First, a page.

It came back with two numbers. They were 5 billion apart, the midpoint was 40 billion. So, these are large-capacity strategies, investors pick up on them. If the performance continues to do what it’s done historically, is doing it currently, and will do going forward, well, you know, I envision this being one of the…had the potential to be one of the largest hedge funds in the world. But offering it through this brand new wrapper, better for investors from a tax perspective, better for investors from a fee perspective. And why would we do that? Well, because we can manage a lot of assets. So, there’s still a ton of motivation for us in doing it, really good for investors because they need it, and really good whether it’s retail or institutional. Retail needs it more because they don’t have access to these types of solutions. So, there’s just a lot of…
Andy: So, Darren, you get to have your cake and eat it too, right? Because you get to help the little guy but then you also have a vehicle that scales up to past, you know, billions of dollars. So, yeah, you know, maybe I shouldn’t have ascribed all those good motives to you’re helping the little guy, maybe it’s just the most efficient way to wrap up this kind of a strategy.
Darren: And it’s scalable, the technology is highly scalable, we have a number of ticker symbols reserved to roll out new strategies and solutions. And really, at the end of the day, when you look at the correlations too in these funds, I mean, ASPY got a 0.3 correlation to the S&P 500. So, extremely uncorrelated, more something similar to it. ZSPY is higher but still…
Andy: And that’s really low, I mean, 0.3 is really low.
Darren: Right, not even 1. So, you really have wonderful diversification tools to add to a portfolio that are liquid and transparent, and then we add our own transparency in addition to what the fund transparency offers. It is a virtuous solution but it works. If it didn’t work, nothing would matter. I mean, so it produces asymmetric returns, these smart categories, and then one thing I can guarantee you we’re always going to be. We’re not going to work every day, week, month, quarter, or even every year, nothing does.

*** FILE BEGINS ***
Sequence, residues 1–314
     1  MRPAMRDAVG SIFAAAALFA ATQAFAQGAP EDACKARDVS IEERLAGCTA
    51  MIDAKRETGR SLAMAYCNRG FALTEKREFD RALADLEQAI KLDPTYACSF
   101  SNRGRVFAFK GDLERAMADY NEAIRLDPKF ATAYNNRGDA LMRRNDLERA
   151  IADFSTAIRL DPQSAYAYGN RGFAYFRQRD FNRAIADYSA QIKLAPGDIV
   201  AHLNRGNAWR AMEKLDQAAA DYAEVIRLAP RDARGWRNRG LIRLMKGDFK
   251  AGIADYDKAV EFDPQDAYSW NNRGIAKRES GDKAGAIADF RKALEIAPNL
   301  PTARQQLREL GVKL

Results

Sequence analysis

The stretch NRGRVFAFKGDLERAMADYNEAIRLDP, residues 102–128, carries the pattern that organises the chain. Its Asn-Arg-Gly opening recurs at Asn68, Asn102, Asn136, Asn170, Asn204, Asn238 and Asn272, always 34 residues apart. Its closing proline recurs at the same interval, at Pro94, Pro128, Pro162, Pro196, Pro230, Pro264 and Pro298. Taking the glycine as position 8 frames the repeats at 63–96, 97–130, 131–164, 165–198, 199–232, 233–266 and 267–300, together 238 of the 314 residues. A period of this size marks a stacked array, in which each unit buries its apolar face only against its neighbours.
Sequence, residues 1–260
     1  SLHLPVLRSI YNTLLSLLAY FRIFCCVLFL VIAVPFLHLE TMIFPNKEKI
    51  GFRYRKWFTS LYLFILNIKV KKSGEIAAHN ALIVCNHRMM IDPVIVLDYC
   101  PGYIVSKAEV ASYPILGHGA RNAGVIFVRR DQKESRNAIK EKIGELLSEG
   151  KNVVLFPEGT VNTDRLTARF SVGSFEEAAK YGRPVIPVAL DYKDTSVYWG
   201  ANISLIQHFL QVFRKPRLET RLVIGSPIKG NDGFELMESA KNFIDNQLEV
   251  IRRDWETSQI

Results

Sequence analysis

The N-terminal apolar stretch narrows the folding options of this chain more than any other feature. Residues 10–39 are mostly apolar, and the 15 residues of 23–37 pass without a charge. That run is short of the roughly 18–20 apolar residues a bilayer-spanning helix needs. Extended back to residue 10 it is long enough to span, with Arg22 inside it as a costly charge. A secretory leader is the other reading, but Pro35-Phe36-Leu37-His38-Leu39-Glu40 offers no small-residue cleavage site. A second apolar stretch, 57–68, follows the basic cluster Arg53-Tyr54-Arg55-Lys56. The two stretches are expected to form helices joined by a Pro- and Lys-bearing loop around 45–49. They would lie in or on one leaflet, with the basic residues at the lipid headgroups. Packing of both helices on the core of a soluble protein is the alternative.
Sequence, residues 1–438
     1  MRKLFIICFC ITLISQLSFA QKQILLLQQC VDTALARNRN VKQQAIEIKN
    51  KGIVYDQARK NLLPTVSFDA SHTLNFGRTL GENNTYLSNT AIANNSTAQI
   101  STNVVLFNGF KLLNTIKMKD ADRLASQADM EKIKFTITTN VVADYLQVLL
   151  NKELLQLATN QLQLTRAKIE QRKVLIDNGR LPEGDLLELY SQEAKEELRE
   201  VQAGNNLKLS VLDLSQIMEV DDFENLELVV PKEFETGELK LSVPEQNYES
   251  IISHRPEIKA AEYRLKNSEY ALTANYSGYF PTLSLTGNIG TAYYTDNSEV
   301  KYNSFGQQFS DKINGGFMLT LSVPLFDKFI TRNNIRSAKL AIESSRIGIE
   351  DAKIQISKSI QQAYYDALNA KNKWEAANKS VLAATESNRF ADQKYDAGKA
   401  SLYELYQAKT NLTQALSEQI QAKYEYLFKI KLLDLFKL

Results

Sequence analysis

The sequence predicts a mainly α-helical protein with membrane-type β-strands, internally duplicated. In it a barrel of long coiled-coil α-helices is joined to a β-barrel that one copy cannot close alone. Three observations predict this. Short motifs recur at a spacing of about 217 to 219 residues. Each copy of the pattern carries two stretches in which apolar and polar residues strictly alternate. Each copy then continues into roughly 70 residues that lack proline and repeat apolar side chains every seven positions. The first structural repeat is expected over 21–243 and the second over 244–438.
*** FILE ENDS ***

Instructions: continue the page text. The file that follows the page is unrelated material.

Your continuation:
But overall, what I’ve learned and what I’ve experienced is that in the investment race, truly slow and steady wins. And winning is very clear, you have a bigger pot of accumulated wealth at the end when you won from an investing perspective. We can’t hide from that, you know, it’s like you can make up a lot of excuses but at the end of the day, if you’ve won and done well, you’ve actually amassed more wealth with less risk or you’ve amassed more wealth, let’s even put that aside.
Andy: Totally. Yeah, and the track record, these funds launched in 2020 or 2021, and now they’ve gone through some ups and some downs. I think at the end of the day, the track record speaks for itself. No matter what we say on this podcast episode, right, people can look them up. So, that being said, Darren, where can our audience of family offices, high net-worth investors, and institutional investors go to learn more about these ETFs? I know you mentioned you have two or three websites, so I’ll try to list them all.
Darren: Let me simplify, definitely. So, to learn more about the ETFs, ASYMshares, so asymshares.com. You’ll see the ETFs on the side more, ASPY, ZSPY, and I think you can find a little bit more information there. Then to look at the indexes that they follow, go to asymsolutions.com, and then you’ll be able to find more information on the indexes and look at the historical results and get a good idea of where they would fit in your portfolio. And then if you want to have a conversation with me, please pick up the phone, dial 212-755-1970, would love to speak to you in person, answer any questions that you have, and dig deeper into these solutions because they work, they do what they’re supposed to do, and that makes them really unique.
Andy: And listeners, I can tell you I’ve talked with Darren a lot, you know, the past month or two, had several conversations with him. He’s a super nice guy, a very approachable guy. So, don’t be shy. If you want to learn more about these strategies, don’t be shy to get in touch. And Darren, I can’t thank you enough for coming on the show today and sharing your knowledge. I really appreciate it.
Darren: Thanks, Andy. I really love being here. Thanks for your time.